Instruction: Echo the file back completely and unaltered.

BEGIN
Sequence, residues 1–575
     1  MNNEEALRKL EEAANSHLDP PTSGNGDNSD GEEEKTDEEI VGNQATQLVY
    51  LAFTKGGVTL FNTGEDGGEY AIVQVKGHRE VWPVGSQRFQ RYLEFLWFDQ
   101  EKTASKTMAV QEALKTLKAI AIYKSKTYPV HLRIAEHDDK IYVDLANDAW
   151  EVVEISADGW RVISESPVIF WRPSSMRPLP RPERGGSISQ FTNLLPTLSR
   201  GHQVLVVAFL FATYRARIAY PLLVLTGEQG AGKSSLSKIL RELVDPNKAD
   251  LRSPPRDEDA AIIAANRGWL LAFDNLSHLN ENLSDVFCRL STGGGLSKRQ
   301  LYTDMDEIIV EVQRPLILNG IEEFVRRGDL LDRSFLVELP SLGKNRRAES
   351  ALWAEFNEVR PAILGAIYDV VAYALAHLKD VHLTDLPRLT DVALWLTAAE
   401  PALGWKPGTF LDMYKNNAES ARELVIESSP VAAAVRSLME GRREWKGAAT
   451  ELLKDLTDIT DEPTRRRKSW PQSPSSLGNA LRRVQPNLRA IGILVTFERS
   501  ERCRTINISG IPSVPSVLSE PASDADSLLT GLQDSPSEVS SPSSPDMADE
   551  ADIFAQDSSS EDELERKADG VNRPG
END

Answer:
Sequence, residues 1–575
     1  MNNEEALRKL EEAANSHLDP PTSGNGDNSD GEEEKTDEEI VGNQATQLVY
    51  LAFTKGGVTL FNTGEDGGEY AIVQVKGHRE VWPVGSQRFQ RYLEFLWFDQ
   101  EKTASKTMAV QEALKTLKAI AIYKSKTYPV HLRIAEHDDK IYVDLANDAW
   151  EVVEISADGW RVISESPVIF WRPSSMRPLP RPERGGSISQ FTNLLPTLSR
   201  GHQVLVVAFL FATYRARIAY PLLVLTGEQG AGKSSLSKIL RELVDPNKAD
   251  LRSPPRDEDA AIIAANRGWL LAFDNLSHLN ENLSDVFCRL STGGGLSKRQ
   301  LYTDMDEIIV EVQRPLILNG IEEFVRRGDL LDRSFLVELP SLGKNRRAES
   351  ALWAEFNEVR PAILGAIYDV VAYALAHLKD VHLTDLPRLT DVALWLTAAE
   401  PALGWKPGTF LDMYKNNAES ARELVIESSP VAAAVRSLME GRREWKGAAT
   451  ELLKDLTDIT DEPTRRRKSW PQSPSSLGNA LRRVQPNLRA IGILVTFERS
   501  ERCRTINISG IPSVPSVLSE PASDADSLLT GLQDSPSEVS SPSSPDMADE
   551  ADIFAQDSSS EDELERKADG VNRPG